DISCLAIMER: Lillian Ilsley-Greene is a campus organizer for Yes on Three, a ballot initiative to prohibit gender identity-based discrimination in public places.
The start of the semester floor meeting is a familiar ritual to Boston University’s undergraduate student population. An opportunity to meet housemates and resident assistants, the hour usually carries little consequence. However, this was not the case for BU student Jake S. this fall.
Labor Day 2018, a day before the fall semester was set to begin, Jake S., who asked that his last name be omitted for safety reasons, said he walked into his South Campus dorm meeting to find he was the only man.
Jake is a sophomore in the College of Arts and Sciences and a transgender man. While moving in, he said, he noticed all of his immediate roommates were women, but he did not realize he was in a primarily female dorm until his first floor meeting.
“I looked around and I was like, ‘I am the only man here,’” Jake said. “And that kind of sucked. I have no problem with living around women, it doesn’t cause me dysphoria, but for some trans people it does. And the fact that this oversight happened was like, just an incredible insult.”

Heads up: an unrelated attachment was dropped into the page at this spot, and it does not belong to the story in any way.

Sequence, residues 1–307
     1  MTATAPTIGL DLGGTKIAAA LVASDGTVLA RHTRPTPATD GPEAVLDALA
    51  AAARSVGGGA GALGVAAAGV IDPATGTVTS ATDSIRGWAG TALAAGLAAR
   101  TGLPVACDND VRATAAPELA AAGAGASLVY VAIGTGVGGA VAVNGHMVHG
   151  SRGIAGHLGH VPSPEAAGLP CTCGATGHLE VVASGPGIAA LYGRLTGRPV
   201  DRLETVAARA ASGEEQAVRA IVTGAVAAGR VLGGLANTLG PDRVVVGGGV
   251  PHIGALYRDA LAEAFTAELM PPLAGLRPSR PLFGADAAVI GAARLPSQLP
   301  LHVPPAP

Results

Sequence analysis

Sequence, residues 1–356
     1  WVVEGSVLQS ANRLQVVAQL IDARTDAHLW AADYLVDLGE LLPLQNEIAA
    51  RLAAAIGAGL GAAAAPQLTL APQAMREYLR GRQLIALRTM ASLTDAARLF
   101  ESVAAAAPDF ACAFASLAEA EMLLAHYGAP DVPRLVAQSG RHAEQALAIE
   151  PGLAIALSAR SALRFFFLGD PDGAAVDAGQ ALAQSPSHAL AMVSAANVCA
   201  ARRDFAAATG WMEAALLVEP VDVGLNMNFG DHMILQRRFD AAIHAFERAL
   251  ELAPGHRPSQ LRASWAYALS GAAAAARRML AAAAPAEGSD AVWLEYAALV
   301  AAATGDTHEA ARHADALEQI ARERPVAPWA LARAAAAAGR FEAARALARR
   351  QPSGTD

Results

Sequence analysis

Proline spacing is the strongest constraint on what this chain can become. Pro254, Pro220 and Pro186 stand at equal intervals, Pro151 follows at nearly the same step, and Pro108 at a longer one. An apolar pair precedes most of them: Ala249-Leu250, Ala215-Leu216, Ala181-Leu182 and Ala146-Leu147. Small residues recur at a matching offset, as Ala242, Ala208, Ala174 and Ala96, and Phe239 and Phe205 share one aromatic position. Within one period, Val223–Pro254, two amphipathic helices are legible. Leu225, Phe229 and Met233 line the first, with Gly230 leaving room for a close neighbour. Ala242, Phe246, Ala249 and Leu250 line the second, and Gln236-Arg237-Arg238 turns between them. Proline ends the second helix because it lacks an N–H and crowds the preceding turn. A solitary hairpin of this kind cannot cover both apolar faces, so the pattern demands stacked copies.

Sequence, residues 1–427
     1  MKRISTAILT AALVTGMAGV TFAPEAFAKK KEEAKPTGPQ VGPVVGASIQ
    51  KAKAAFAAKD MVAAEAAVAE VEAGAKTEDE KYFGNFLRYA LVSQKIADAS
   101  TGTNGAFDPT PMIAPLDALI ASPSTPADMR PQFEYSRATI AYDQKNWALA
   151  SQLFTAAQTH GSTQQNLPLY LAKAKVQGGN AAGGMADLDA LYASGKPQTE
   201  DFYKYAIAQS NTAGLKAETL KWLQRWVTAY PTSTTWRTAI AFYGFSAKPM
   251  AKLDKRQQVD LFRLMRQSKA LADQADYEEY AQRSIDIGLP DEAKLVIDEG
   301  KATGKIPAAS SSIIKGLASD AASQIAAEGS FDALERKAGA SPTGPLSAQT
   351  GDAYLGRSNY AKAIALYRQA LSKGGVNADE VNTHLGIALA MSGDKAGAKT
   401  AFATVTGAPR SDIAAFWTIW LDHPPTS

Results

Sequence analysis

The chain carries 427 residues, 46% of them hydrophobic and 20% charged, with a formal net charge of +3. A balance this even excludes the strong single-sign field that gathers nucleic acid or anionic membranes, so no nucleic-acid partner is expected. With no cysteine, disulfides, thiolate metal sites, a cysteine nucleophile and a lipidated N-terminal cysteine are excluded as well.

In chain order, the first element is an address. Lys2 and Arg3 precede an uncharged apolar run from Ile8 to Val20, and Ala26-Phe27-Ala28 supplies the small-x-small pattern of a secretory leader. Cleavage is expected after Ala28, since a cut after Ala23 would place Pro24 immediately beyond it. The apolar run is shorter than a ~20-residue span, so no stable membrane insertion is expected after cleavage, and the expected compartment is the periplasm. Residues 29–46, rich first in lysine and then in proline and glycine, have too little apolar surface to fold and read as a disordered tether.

Jake had first planned to live with a friend in a gender-neutral triple at 575 Commonwealth Ave., known to students as HoJo, he said. When this fell through over the summer, Jake emailed BU Housing explaining his situation and saying he would be comfortable living in gender-neutral housing or a single. Within an hour, BU Housing had assigned him a single in South Campus, he said.
Jake has been impressed with BU’s administrative response to his placement in a primarily female dorm, he said. Within a day of notifying Dean of Students Kenneth Elmore, he had a meeting with the dean to discuss possible next steps in rectifying the situation.
“I cannot emphasize enough how willing to accommodate Dean Elmore was,” Jake said.
BU was aware of Jake’s status as a transgender man when placing him in his housing, Jake said. He is going through the official steps to change the name on his Terrier Card to the name he uses. He has started hormone treatment. But he does not, as he specified in his communication with BU Housing, feel comfortable living in a majority-male dorm, he said.
“BU’s policies could do with a lot of updating,” Jake said. “There’s ways that this could have been avoided in the first place, and there are ways that other things could be updated to make trans people feel safe and comfortable.”